Plain language: is your focus on readability dating your practice in the 1970s?
By: Jolyon Burford, Trainer & eLearning Developer
Research from 2015 told us that Australian health Websites were written on average at about a year 12 level.
A lot of work has been done to simplify websites and information since then. New templates, writing AI, codesign, plain language policies have all helped to make information easier to understand.
BUT! you can still use simple words, images and spacious formatting to communicate badly. I see communication getting simpler with clearer formatting and more images to support it. However, a LOT of communication still contains too much information, assumes contextual knowledge and has imagery isn’t representative and doesn’t reinforce key messages.
So, while reading level and formatting are nice and essential, they’re only a small part of the picture if we’re trying to communicate so more people understand. Any mention of reading level should also include a warning that reading level is not enough. People like Karen Shriver, who wrote this great piece on the progression of Plain Language to where we are today let us know that focusing on readability alone is a throwback in the 1970s!
“Between 1940 and 1970, plain language focused mainly on readability. During the 1970s, some practitioners began to employ usability testing. By the mid-1980s, there was a widespread sense that plain-language advocates had shifted priorities from readability to usability. Between 1980 and 2000, advocates broadened their vision—beyond word- and sentence-level concerns to include discourse-level issues, information design, and accessibility. Between 2000 and 2015, advocates continued to worry over their old questions “Can people understand and use the content?”, but also asked, “Will people believe the content? Do they trust the message?”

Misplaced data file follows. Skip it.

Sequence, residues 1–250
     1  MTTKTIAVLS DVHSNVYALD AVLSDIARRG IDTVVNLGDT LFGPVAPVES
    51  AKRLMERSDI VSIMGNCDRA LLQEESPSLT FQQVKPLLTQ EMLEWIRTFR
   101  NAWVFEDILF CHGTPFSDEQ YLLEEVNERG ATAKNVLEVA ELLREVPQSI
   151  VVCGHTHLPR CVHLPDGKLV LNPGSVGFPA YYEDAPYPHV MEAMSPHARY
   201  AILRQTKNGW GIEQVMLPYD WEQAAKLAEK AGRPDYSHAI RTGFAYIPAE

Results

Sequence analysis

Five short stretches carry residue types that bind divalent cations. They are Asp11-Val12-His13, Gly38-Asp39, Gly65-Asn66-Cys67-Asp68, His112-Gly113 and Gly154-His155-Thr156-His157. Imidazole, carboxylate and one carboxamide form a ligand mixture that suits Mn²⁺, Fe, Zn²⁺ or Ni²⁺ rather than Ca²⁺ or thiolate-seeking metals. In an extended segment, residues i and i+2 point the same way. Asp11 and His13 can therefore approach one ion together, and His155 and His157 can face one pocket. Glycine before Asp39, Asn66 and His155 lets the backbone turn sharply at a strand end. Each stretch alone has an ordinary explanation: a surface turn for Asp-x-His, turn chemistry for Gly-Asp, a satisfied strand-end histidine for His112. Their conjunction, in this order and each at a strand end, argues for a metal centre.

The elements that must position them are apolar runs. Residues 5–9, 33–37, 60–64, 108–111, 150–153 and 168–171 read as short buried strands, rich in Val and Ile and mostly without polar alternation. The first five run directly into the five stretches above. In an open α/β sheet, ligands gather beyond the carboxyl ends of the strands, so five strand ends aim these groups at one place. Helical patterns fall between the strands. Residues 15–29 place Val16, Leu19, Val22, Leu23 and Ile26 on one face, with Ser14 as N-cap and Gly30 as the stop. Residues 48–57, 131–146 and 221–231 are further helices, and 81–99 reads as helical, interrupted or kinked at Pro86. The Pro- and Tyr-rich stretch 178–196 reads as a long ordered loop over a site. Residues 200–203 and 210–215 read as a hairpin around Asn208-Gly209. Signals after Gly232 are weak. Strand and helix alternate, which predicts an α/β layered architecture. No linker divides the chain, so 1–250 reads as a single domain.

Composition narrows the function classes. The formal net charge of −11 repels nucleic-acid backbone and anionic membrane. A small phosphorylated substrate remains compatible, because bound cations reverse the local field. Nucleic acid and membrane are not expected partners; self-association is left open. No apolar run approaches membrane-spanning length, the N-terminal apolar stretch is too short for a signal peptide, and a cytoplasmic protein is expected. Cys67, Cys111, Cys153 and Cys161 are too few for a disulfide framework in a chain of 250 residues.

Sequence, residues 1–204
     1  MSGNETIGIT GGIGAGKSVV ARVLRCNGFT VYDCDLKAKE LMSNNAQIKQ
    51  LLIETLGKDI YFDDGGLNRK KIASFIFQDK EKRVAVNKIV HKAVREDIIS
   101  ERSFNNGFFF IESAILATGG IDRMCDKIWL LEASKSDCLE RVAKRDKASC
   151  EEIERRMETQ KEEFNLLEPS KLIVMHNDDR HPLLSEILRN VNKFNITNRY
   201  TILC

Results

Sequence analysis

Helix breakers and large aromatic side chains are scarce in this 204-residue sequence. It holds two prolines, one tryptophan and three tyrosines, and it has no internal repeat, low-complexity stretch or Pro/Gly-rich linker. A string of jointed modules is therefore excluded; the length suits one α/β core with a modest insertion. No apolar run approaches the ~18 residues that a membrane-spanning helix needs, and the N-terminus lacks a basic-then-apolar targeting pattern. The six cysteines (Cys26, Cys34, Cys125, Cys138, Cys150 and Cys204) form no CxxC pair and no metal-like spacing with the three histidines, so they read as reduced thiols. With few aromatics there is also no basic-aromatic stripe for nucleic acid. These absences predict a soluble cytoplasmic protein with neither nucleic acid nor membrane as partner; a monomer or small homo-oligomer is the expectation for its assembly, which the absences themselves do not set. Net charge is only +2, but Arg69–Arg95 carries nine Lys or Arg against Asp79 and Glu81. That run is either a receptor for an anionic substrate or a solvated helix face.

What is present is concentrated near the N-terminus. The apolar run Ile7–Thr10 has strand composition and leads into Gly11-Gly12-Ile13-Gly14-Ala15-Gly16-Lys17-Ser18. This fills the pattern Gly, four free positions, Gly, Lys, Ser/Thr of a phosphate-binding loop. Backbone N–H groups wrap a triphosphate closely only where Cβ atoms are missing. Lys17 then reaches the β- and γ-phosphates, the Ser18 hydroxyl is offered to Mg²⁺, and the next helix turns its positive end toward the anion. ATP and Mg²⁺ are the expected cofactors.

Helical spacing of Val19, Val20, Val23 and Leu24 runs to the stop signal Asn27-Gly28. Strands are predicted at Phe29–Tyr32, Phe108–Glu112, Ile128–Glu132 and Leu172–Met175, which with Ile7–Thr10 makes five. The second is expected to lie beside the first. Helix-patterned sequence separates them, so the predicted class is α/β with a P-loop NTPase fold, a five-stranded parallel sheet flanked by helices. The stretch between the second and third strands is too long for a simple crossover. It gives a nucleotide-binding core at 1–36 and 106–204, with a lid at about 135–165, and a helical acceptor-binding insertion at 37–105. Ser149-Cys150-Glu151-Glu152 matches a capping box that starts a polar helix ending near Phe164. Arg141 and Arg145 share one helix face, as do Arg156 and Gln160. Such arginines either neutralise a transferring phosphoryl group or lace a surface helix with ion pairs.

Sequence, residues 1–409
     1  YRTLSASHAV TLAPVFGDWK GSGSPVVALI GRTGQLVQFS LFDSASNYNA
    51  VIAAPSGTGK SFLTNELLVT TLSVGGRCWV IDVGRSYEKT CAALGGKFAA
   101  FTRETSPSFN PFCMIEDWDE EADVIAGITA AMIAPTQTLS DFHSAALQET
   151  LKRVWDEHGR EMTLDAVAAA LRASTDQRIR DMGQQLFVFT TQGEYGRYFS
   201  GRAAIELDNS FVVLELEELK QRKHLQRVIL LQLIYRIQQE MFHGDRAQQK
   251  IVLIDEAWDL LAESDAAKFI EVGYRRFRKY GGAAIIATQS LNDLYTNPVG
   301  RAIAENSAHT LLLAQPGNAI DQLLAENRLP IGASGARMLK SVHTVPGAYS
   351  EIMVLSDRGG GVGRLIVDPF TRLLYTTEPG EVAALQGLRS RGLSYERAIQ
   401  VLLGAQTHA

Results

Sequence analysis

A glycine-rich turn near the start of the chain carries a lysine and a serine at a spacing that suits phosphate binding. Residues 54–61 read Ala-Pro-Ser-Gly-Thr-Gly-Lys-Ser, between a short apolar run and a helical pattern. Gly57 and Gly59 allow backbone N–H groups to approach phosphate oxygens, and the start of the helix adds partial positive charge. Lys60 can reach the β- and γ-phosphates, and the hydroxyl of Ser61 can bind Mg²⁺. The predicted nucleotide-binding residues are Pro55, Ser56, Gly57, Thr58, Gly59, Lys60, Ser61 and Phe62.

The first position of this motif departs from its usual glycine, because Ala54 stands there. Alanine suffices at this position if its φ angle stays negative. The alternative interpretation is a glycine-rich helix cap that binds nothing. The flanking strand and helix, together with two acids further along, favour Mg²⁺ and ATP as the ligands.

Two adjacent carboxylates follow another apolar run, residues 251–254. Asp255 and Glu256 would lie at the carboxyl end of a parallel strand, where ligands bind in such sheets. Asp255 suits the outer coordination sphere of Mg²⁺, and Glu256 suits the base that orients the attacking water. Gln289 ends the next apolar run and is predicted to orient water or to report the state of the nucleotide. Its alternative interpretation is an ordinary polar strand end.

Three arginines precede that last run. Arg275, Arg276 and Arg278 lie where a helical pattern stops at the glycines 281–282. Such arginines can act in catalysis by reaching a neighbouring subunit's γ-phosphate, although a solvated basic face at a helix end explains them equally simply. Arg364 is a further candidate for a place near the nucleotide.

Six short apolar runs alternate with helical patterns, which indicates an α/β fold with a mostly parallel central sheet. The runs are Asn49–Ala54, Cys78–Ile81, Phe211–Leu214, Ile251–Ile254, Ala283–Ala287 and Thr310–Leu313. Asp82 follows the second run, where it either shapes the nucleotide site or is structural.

So, instead of focus on readability, it’s clear the focus should be on a broad range of factors including:
- reading level,
- white space,
- reducing information with an option to click or QR through to more information,
- images that reinforce
- codesign of messaging that takes into account the background knowledge of
If you want to find out more about plain language writing:
come along to our FREE drop the jargon day webinar focusing on plain language,
or check out our popular eLearning ‘Reach More People with Plain Language Writing’
Photo Credit: Willrow Hood/Shutterstock.com